The S.T.U.C.K. Method

Five Simple Steps to Emotional Well-Being

S.T.U.C.K. on “I’ve got something to say to you”

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I went to a kibbutz committee meeting recently for the purpose of partaking in a particular discussion that would ultimately end in a vote the same evening.

The meeting was set for 9 PM at a friend’s house.

And scheduled to end promptly at 10 PM (out of respect to the tireless volunteers that donate endless hours of their time for the benefit of the kibbutz).

For one hour, eight of us sat around in a very orderly and respectful way, discussed the topic (of which the details aren’t necessarily pertinent to this post), listened mindfully, and spoke respectfully until the head of the committee told us it was time to make a decision.

Minutes before the vote, a non-member of the committee shows up to the meeting.  (The meeting was considered “open” and so anyone from the kibbutz was welcomed to join the discussion.)

Yet, having showed up at 10 PM, she didn’t partake in the discussion.

She didn’t know what was discussed.

She didn’t even know the reason why this discussion was arising (since we already had a similar “study group”) about it last year.

She just came to give her opinion.

Which I guess would have been fine had she done it in a respectful way.

But, she didn’t.

Racing against the clock, she burst into the house, grabbed a seat, first gave her opinion on the topic (with lots of huffing and puffing and rolling of the eyes), and then started to rudely criticize the committee for mismanagement (that is, for having this discussion when it was already discussed last year).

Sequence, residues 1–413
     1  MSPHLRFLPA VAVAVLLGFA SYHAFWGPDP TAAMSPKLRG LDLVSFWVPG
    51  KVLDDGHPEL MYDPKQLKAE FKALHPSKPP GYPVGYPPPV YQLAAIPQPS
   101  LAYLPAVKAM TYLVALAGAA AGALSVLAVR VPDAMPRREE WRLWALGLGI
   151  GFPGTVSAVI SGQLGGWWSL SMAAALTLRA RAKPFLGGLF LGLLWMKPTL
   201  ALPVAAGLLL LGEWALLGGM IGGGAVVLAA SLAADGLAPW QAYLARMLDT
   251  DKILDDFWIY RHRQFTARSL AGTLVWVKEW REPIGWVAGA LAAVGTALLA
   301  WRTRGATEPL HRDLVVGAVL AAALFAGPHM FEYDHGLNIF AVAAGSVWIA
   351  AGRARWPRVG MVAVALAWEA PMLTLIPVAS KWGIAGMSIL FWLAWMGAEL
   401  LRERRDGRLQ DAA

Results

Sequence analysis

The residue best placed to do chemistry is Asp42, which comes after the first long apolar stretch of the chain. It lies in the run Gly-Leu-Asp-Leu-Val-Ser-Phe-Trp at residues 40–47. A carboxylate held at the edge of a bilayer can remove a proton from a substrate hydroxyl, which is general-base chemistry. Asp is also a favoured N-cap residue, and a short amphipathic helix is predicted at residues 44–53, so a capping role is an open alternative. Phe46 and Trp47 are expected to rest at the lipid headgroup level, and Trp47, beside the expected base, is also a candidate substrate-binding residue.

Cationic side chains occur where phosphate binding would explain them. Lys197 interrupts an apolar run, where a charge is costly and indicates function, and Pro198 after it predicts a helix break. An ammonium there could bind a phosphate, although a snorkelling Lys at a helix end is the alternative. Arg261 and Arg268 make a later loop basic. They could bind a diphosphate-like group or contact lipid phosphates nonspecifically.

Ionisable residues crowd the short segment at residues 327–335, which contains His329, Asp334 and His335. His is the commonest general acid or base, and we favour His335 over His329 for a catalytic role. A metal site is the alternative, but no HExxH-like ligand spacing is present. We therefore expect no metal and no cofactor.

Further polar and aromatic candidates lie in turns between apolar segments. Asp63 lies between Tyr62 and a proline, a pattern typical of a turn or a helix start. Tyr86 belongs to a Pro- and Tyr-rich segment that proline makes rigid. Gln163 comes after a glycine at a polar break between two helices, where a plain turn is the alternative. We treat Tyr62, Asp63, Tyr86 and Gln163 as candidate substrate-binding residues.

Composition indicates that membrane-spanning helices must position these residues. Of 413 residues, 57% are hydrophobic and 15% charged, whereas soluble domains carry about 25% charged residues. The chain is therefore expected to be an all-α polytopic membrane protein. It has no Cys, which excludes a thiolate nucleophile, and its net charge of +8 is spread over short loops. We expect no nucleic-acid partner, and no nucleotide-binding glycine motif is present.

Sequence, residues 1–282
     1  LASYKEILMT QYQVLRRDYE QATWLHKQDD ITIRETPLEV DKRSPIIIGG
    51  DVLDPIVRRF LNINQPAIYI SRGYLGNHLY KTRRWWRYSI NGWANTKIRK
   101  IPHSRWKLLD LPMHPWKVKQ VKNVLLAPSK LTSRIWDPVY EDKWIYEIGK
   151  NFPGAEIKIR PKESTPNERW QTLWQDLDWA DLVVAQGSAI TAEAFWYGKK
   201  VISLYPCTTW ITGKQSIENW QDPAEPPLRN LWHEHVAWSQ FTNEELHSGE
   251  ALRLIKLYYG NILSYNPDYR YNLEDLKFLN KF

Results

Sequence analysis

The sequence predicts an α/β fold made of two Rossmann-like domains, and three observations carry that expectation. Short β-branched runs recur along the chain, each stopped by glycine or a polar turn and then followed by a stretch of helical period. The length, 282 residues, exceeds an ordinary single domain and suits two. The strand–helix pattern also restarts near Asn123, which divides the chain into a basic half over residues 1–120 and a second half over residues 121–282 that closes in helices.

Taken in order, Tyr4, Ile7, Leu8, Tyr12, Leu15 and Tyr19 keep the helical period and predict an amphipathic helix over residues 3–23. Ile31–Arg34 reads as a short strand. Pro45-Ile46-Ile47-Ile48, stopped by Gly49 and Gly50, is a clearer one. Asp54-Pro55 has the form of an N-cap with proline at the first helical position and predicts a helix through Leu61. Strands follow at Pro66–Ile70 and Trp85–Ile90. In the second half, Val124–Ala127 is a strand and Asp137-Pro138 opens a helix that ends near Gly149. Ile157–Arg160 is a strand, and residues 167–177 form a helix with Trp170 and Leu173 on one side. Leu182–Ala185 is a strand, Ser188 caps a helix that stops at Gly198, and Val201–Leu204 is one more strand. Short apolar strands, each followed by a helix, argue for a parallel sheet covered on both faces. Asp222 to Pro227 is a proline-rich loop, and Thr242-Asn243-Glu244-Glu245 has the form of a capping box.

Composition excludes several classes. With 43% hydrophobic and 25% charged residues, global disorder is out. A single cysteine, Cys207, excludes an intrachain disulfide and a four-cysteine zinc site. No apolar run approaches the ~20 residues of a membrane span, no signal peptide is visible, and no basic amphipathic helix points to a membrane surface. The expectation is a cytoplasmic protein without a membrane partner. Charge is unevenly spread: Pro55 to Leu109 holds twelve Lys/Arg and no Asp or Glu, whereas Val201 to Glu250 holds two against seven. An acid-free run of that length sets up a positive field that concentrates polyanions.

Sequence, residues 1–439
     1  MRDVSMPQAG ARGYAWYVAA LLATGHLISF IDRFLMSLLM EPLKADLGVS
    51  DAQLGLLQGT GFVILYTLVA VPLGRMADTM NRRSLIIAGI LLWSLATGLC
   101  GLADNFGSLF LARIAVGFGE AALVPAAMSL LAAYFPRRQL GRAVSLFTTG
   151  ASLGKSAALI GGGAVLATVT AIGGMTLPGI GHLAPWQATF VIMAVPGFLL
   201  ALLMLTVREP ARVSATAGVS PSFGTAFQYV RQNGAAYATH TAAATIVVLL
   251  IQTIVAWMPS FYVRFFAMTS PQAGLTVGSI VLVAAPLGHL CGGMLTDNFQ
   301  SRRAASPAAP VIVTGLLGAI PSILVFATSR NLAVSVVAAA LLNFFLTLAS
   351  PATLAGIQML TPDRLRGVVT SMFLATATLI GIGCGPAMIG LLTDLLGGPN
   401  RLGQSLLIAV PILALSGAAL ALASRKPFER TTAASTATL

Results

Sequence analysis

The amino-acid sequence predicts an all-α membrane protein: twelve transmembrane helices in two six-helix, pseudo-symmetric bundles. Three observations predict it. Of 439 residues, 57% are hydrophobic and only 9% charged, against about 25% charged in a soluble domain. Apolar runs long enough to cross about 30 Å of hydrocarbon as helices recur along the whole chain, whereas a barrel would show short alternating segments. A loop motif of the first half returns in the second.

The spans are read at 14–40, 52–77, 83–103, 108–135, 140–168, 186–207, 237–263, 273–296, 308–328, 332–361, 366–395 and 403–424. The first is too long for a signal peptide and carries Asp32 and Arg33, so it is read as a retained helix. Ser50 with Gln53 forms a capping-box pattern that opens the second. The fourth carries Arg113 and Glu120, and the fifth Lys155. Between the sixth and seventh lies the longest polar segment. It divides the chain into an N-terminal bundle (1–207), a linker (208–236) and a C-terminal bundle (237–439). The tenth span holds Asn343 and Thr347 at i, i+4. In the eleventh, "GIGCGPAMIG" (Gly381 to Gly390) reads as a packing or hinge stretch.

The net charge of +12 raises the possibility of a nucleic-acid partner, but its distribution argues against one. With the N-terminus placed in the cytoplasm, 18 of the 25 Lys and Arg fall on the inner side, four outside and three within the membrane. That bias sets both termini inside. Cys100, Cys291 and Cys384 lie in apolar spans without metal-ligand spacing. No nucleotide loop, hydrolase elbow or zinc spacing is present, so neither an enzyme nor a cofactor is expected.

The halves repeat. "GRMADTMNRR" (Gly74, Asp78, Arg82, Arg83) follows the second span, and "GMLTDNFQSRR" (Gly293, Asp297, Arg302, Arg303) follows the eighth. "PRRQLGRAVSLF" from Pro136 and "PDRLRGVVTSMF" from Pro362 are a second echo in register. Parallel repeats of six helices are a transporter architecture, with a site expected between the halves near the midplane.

And frankly, as a member of this committee and believer that our work is being done honorably, I just wanted to scream.

The audacity!

In my mind, this person had absolutely no right to burst in the way she did and she had no right to criticize the committee (specifically because she wasn’t present for the entire meeting and therefore missed the reasoning of why this topic was being raised again).

*****

My reaction?

I actually just calmly filled her in and caught her up on the last hour’s discussion.

Which actually seemed to have calmed her down a bit (after having heard more of the big picture).

off-my-chestBut, still, I was stuck for a few days.

Stuck on “I’m not done.  I’ve got a few more words for you, my dear!”

And so, automatically, I started to gather all that was in my head and put it down on paper. (G-d forbid I’d forget anything.)

I wrote down things like:

How wrong was her behavior and….

She will not speak to me or the group in that way ever again and…

That, we as volunteers, are acting out of our best intentions to make this community the best community we possibly can and she should acknowledge that, and…

We are community members, family friends, and neighbors and that it would be the wise thing to treat others with a minimal amount of respect and …

That she, of all people, should be acting as a role model in our community and …

SHOW UP ON TIME next time!

But, when I processed this with S.T.U.C.K. and arrived at “C”, I recognized my choice:

That I didn’t really have to say anything…

Even though my ego really wanted to.

And, that’s exactly what I did.

I did not approach her after the meeting.

I did not reprimand or parent her.

What I did do was respond appropriately to her at the meeting.

And that’s all that’s really needed.

Certainly there’s not need on staying stuck on having to be heard every time I think I’ve got something important or urgent to say.

Because the truth is, most people aren’t ready to listen anyway.

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Author: Shira Taylor Gura

Well-Being Coach, Podcast Host, Author of the award winning book, Getting unSTUCK: 5 Simple Steps to Emotional Well-Being.

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